Draw nested squares to create pursuit curves. In case you’re

wondering, pursuit curves originate from a calculus problem where one

point is in pursuit of another. But don’t worry, the math used in this

assignment will not stray from essential geometric skills, and we’ll

provide a reference to guide you in the calculations. In essence, you’ll

start by drawing a single square of 1 color, then move slightly and turn

inwards by an angle offset, and finally begin drawing another square with a

smaller side length. We note that this is tougher than the first milestone

and very different in the approach because you’ll start with the largest

square and work inwards as each square gets smaller.

To help you get started, here’s the pseudocode for the algorithm:

establish variables for “side length” and “length offset percent”

loop until the length is smaller than 15:

change the turtle color to a new random color

draw a square

calculate the length offset, angle offset, and new side length*

set up for the next square*

Using the above pseudocode, you’ll have to use your knowledge of for and while loops, random

colors, and turtle movement to complete each step. Note that the “length offset percent” represents

the percent of the current side length you’ll move to start drawing the next square. Crucially, we

placed “*” next to denote the two trickiest steps in the algorithms. These steps require precise

geometry and adjustments to get the pursuit curves visual correct. On the next page, we lay out the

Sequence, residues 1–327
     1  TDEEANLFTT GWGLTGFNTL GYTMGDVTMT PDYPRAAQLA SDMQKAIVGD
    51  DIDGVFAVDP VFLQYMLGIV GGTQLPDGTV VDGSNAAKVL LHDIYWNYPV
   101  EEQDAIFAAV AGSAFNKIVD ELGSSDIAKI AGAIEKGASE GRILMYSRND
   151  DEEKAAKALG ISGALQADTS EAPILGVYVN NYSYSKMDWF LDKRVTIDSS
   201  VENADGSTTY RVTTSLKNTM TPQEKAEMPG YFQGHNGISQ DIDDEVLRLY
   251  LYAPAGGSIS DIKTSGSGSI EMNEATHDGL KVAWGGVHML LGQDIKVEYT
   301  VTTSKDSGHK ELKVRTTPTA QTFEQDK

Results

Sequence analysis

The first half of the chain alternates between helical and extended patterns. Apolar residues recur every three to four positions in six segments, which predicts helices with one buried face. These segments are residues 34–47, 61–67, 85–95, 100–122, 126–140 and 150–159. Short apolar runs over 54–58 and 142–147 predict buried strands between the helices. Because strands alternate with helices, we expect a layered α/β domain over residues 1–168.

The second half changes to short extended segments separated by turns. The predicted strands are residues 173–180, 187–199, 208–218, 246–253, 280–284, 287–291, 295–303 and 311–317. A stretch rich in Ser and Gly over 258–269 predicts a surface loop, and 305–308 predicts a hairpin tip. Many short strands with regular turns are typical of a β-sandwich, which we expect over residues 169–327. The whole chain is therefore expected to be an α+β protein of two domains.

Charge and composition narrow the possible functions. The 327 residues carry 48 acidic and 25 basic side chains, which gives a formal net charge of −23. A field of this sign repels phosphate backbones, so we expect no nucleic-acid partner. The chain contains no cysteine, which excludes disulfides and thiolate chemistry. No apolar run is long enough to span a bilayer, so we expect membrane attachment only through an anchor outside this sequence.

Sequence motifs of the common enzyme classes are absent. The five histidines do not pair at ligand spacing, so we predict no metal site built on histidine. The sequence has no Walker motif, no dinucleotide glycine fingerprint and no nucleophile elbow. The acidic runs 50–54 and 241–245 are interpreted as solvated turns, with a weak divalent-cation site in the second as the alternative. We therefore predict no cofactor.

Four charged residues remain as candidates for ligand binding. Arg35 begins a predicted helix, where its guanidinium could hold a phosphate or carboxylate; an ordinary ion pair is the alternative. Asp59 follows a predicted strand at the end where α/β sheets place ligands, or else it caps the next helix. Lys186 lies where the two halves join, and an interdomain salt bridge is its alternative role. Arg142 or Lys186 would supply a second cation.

precise math that you’ll need to calculate the length offset and new side length as well as set up for

the next square.

Now, we’ll focus on the two tricky steps mentioned above. Below, you’ll see the beginning to the

visual you’ll create (at left) and a zoomed in version focusing on the math we need to go from one

step to the next.

Above, we see several variables. In green, we have the old side length. In red, we have the new side

length, and in blue, we have the length offset, both of which we’ll need to calculate in code. Lastly,

in purple, we have the old side length minus the length offset. We also have noted the angle offset as θ.

To calculate the new side length and length offset, we need to perform the following steps:

1. To calculate the length offset, we multiple the old side length by the “length offset percent”

variable. As mentioned above, the length offset percent can be thought of the percent of the

old side length that will be the length offset. For example, if “length offset perfect” = 0.10

and the old side length is 100, then the length offset should be 10.

2. To calculate the offset angle θ, we’ll need to use a trigonometry functions called arctangent,

which helps to calculate a triangle angle given two side lengths. To find θ, we can perform

the following math:

To do this, you’ll want to use the math.atan(x) function. Important note: the output of the

atan (or arctan) function will be in radians. This is another way to represent degrees, and

we’ll show you how to convert back to degrees in step 4.

3. To calculate the new side length, we’ll need to use another trigonometry function called

cosine. We can find the new side length

To do this, you’ll want to use the math.cos(x) function, where x is an angle in radians.

There is another way to do this using math.sin(x), and either is acceptable.

4. To set up for the next square, you’ll need to move your turtle forward by the offset length

and then turn left by the offset angle. However, as mentioned in step (2), we need to convert

our angle into degrees to turn with turtle. To do that you can do angle_in_degrees = (θ *

180 / math.pi).